The only other explanation for the lower price is that the stock is built as one composite piece.  The limbs attach very easily on the front end of the crossbow.  It is manufactured just like the majority of the crossbows in the marketplace today.  I will always encourage you to take it to your local pro shop and have them assemble and tune it for you.

The last thing you want is a crossbow coming apart during a shot.  You could get hurt very seriously.

Let me be crystal clear about something.  I am in no way running down any of the other crossbow manufacturers.  They all do a great job of giving us a tool that we can use to get back out there.  From the “Cadillac” version like Ten-Point Crossbows all the way down to the old RC-150, the weapon will only be as good as the shooter who is holding it.  I do want to applaud PSE for building a very good crossbow at a price that anyone can live with.  Kudos to them!

Wednesday, June 17, 2015

Walk The Dog For Explosive Summer Action


Well, hello to summer.  It officially begins this coming week.  And, with it comes arguably one of the neatest ways to fish.  The top water bite is visual, exciting, and suspenseful.  You can almost sense when a fish could explode on a lure.  When it doesn’t happen, you feel as jilted as a freshman boy at the high school dance.  But, that’s okay.  Just keep casting and the big dance will eventually happen.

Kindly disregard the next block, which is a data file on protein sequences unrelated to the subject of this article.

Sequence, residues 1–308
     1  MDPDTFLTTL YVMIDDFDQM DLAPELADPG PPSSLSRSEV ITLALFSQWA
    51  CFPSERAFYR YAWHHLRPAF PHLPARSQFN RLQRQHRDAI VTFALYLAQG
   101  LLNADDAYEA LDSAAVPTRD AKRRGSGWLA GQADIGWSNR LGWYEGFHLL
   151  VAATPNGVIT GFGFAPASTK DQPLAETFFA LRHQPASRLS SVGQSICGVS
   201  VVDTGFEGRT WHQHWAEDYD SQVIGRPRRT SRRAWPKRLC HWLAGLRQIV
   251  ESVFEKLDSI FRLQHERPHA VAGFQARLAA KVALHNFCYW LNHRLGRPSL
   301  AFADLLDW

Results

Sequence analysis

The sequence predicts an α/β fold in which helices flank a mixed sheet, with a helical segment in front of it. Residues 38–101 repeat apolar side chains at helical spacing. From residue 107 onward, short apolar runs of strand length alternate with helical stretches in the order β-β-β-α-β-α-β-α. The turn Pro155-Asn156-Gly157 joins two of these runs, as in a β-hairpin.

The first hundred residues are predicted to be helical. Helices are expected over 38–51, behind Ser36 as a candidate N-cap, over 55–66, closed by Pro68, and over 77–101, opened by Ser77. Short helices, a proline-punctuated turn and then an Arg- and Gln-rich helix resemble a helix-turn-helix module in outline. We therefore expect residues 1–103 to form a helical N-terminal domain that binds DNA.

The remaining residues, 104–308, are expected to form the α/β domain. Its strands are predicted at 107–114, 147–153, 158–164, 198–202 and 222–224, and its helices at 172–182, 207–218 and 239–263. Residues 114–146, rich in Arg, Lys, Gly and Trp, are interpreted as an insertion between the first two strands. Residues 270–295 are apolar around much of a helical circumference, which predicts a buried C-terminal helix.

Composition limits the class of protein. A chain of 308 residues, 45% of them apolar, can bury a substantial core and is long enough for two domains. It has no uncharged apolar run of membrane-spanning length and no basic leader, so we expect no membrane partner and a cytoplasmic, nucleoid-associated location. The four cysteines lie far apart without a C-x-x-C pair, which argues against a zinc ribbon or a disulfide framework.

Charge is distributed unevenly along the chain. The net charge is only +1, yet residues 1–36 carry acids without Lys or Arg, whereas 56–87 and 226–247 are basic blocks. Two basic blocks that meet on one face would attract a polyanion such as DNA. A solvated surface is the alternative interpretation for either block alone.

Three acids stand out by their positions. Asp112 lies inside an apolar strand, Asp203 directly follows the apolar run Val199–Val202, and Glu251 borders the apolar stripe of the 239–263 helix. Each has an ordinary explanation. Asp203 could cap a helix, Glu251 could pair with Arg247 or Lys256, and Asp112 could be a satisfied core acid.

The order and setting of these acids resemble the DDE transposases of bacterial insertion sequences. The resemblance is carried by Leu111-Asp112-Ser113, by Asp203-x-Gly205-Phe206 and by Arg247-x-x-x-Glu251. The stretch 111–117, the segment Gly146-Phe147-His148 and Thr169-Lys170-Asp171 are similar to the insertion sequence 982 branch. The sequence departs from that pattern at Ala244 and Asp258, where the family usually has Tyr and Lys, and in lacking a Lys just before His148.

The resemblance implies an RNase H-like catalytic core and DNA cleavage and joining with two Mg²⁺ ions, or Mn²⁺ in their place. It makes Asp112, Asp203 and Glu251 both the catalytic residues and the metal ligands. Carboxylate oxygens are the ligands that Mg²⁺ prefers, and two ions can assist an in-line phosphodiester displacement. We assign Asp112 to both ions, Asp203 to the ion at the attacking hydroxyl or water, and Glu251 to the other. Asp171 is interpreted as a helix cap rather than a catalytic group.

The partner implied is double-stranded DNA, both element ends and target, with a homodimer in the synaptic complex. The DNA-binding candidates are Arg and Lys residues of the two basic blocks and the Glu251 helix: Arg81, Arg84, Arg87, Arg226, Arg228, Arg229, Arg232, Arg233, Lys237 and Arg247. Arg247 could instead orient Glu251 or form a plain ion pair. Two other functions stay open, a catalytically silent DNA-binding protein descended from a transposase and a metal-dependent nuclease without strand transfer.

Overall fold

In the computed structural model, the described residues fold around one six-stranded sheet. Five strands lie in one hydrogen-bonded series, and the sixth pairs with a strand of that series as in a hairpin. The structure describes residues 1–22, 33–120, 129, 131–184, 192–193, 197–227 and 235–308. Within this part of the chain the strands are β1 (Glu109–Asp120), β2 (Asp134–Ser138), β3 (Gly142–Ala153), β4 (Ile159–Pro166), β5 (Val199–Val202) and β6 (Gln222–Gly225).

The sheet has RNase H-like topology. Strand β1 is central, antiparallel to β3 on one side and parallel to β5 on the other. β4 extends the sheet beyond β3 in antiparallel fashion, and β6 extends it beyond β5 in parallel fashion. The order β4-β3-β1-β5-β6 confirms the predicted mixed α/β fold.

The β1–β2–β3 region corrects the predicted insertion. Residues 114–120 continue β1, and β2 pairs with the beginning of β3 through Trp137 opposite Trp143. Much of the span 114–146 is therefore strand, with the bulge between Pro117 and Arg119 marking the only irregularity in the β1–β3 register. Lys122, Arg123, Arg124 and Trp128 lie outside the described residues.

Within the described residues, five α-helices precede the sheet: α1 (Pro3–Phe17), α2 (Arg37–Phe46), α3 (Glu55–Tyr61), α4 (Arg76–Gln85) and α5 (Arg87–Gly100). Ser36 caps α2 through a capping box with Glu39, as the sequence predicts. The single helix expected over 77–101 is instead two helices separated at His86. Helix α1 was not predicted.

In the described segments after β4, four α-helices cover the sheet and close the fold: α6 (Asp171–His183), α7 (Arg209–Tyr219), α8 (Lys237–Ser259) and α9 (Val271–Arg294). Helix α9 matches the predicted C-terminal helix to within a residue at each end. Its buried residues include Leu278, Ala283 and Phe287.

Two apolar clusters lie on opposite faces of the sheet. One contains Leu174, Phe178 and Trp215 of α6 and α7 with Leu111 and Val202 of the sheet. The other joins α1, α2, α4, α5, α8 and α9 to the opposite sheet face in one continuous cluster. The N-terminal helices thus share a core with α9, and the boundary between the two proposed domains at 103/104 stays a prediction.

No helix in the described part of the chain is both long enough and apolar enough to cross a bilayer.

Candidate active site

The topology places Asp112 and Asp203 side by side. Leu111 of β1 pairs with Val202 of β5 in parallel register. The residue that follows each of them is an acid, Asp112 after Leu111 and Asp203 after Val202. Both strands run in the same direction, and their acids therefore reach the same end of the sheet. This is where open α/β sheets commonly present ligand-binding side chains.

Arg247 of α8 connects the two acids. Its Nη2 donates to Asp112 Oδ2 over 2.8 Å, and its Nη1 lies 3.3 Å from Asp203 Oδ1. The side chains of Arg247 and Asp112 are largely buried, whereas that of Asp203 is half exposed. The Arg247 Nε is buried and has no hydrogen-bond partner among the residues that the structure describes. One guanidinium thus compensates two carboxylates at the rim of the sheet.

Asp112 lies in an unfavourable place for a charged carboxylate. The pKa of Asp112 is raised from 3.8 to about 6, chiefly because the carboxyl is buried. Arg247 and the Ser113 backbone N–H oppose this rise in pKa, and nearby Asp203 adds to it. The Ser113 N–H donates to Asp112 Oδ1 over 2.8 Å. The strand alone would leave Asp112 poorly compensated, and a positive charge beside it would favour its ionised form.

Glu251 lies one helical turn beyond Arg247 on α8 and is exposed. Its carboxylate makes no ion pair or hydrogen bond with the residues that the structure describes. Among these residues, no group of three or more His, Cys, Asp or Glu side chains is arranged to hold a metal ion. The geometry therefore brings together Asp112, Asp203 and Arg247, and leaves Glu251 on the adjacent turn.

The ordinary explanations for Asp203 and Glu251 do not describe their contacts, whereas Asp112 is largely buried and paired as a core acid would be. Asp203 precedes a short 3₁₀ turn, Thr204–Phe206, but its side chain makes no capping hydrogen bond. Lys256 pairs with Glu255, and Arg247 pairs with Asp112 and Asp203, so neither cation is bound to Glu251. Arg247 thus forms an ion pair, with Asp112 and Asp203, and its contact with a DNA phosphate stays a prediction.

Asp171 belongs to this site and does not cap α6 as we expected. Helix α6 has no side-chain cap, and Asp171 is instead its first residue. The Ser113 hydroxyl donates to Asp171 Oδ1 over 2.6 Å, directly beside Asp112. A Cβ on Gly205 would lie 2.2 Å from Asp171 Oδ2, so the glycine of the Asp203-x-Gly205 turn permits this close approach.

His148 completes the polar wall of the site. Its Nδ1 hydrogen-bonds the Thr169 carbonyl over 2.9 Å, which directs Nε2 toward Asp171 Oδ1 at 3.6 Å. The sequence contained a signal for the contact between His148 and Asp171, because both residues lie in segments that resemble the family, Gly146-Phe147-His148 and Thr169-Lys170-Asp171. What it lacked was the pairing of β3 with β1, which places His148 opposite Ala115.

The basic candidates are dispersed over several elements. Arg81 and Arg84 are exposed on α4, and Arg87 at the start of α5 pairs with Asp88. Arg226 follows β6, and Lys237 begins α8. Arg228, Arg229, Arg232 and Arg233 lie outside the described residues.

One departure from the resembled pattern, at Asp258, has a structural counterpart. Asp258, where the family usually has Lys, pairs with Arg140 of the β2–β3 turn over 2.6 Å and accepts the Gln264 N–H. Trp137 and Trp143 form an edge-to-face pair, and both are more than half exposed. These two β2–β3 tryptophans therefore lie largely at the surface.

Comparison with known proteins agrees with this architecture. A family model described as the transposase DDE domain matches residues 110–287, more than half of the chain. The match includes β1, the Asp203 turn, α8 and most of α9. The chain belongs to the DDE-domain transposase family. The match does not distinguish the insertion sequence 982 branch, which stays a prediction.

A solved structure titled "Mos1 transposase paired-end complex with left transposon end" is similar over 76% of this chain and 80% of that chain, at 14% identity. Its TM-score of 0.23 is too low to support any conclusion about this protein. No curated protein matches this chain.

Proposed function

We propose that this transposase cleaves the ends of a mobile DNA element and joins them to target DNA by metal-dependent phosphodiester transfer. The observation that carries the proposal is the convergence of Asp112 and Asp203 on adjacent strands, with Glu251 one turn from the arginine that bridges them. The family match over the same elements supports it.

This week’s article is focused on a particular type of top water fishing that has become known as “Walking The Dog”.  Check the video below of a top water mouse to view this erratic, back and forth action.


Sorry there was no fish exploding on the bait.  It was the only video of a close-up on the action.  Put simply, it is deadly.  Big fish love to kill lures that are presented in this way.  In order to get a handle on the how to’s, check out the video below of Scott Martin, son of legendary angler Roland Martin, as he demonstrates and expounds on how to best achieve this action.